Texas Attorney General to City: ‘Reject the Proposed Paid Sick Leave Ordinance’

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Atty Gen. Ken Paxton

Bonnie Arbittier / Rivard Report

Texas Attorney General Ken Paxton sued the City of San Antonio in November 2018, alleging that officials there had violated the law in December 2017.

In a Monday letter sent to Mayor Ron Nirenberg and City Council, Texas Attorney General Ken Paxton said a proposed paid sick leave ordinance in San Antonio would “conflict directly” with State law. 

Minimum wage, which includes the minimum amount of paid time off, is set by the Texas Legislature, not local jurisdictions, Paxton wrote.

Paxton’s letter comes on the heels of a local push to get a paid sick leave ordinance on the municipal ballot in the November election. A coalition of advocates in late May submitted more than 144,000 petition signatures – more than double the requisite 69,950 – for verification to the City attorney.

If enacted through a vote by City Council or the public, nearly all private-sector employees in San Antonio would earn paid sick leave.

The language in Paxton’s letter mirrors the attorney general’s opposition to the City of Austin’s recently passed employer paid sick leave ordinance, which he called “unlawful.” Passed in a 9-2 vote on Feb. 16, the ordinance is slated to go into effect in October.

“The argument that the attorney general is using [in San Antonio] is the same he used and lost in his case against Austin,” said Michelle Tremillo, co-founder and executive director of San Antonio’s chapter of the Texas Organizing Project (TOP), one of several local organizations that comprise the coalition Working Texans for Paid Sick Leave. “The judge [didn’t] think it’s a good argument.”

After hearing two days worth of testimony, Travis County State District Court Judge Tim Sulak on June 26 denied a temporary injunction supported by Paxton against the City of Austin’s paid sick leave ordinance. Plaintiffs, including the Texas Association of Business, had argued against what they considered prohibitive costs associated with the measure.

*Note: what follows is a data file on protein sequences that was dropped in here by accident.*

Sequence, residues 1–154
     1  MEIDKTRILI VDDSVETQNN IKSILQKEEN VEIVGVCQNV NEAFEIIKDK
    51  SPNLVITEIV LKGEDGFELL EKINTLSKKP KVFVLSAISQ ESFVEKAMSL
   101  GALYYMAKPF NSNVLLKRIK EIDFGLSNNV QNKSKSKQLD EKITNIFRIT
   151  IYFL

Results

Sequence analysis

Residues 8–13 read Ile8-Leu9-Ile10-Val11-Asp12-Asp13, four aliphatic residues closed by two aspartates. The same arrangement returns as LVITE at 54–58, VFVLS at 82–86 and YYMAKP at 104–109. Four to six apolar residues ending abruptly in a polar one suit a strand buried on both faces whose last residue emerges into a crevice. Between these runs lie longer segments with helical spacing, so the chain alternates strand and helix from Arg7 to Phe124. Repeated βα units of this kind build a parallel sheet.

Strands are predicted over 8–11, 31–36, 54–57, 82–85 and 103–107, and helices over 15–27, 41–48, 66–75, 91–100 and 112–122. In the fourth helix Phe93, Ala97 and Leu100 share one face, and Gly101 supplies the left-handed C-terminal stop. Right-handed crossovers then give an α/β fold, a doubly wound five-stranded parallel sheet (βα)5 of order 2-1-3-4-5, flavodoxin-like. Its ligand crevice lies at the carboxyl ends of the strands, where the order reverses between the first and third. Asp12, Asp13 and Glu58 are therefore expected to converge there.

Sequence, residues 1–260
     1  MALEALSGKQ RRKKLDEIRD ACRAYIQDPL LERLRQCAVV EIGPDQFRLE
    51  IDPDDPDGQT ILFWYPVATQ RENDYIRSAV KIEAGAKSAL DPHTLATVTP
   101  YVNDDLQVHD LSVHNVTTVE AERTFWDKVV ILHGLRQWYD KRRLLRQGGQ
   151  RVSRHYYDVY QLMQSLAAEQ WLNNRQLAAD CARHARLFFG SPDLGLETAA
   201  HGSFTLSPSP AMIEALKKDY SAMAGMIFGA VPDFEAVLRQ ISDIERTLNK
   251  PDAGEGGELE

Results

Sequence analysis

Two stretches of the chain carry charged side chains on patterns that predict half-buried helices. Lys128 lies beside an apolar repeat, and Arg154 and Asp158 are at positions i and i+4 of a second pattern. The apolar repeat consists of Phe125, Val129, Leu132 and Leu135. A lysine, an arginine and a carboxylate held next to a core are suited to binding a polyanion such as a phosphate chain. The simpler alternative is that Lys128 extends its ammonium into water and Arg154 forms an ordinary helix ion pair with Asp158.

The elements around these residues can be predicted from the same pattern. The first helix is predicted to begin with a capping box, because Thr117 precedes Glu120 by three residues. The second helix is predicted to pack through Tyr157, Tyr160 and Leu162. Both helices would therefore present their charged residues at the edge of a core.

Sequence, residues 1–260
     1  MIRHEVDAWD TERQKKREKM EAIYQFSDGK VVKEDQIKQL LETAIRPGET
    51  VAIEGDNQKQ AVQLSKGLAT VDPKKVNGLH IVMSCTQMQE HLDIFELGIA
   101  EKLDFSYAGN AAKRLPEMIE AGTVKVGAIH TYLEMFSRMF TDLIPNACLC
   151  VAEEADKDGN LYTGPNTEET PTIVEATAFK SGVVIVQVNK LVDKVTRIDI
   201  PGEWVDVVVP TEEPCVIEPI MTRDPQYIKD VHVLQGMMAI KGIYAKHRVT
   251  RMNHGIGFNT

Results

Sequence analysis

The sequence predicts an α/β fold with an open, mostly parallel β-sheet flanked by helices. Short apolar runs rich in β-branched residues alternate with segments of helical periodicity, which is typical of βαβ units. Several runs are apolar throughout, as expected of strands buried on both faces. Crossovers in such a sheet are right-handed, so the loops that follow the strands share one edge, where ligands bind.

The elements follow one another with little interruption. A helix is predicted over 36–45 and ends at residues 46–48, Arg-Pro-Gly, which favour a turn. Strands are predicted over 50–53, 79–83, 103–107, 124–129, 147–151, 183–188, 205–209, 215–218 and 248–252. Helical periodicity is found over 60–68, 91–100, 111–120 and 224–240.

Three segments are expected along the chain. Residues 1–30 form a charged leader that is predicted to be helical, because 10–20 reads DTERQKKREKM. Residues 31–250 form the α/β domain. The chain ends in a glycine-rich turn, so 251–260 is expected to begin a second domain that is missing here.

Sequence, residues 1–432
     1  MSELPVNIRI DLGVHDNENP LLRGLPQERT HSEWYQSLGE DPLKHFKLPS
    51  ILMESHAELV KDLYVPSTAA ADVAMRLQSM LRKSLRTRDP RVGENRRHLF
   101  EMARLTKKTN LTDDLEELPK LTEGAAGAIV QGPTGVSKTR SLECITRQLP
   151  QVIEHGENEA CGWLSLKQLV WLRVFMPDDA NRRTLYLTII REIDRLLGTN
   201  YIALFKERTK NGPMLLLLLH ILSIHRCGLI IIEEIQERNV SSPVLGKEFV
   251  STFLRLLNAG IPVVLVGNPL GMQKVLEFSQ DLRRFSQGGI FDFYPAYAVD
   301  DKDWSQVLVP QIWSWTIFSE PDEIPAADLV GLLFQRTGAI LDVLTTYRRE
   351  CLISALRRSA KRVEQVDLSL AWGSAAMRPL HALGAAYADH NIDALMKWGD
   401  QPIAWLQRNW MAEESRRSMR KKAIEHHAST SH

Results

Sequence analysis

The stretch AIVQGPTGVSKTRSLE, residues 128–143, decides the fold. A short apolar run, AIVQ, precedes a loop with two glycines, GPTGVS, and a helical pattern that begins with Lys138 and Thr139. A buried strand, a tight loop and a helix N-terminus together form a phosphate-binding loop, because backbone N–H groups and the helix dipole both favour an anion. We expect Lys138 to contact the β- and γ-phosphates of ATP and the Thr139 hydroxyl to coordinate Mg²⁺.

While Tremillo remains unfazed by Paxton’s call to reject the initiative, Nirenberg said Austin’s struggles give local government officials “a lot to consider.”

“Austin’s paid sick leave ordinance is being contested in court, and now Attorney General Paxton has asked us to reject the proposed ordinance,” Nirenberg said. “We need to weigh all of the factors carefully.”

More than 350,000 San Antonio workers currently do not have access to paid sick time. If placed on the ballot and approved by voters, the ordinance would require employers in the city to provide one hour of paid sick leave for every 30 hours worked, capped at six or eight days annually depending on the size of the business. It would also allow parents to take time off to care for sick children.

Ten states and Washington D.C. currently mandate paid sick leave, according to the National Conference of State Legislatures, despite federal law not requiring employers to provide workers with paid or unpaid leave.

The State of Texas also does not require sick leave to be provided to employees.

“We are working to make sure that all people in San Antonio can take care of their families if they get sick,” Tremillo said. “They have the right to do so.”

Tremillo noted several studies that paid sick days and paid family leave do not lead to increased unemployment. A 2017 study by the Center for American Progress indicates that family-friendly policies, including paid sick days, are not morale or “job killers;” rather, the study says they strengthen the economy by improving labor force participation.

Councilman Greg Brockhouse (D6) said City Council must remain transparent about the petition for paid sick leave and its implications. “This will affect our residents and our business community,” Brockhouse said. “Now isn’t the time for partisan politics.”

San Antonio should focus on protecting itself “from legal exposure with sound legal analysis and recommendations,” he said. “The [attorney general]’s letter must be respected, and we must also adhere to the Charter requirement for petitions.

“It’s a tough spot to be in, but if we follow the law, we will make the right decisions.”

14 thoughts on “Texas Attorney General to City: ‘Reject the Proposed Paid Sick Leave Ordinance’

  1. California made sick leave state law years ago. Its more or less a settled issue there. I say San Antonio needs to push forward and pass it. Austin did so already I believe.

    • What’s “settled” is that more and more businesses (and people) are leaving California and moving to Texas. It’s not a coincidence.

      • Can you link me to data to back up your claim?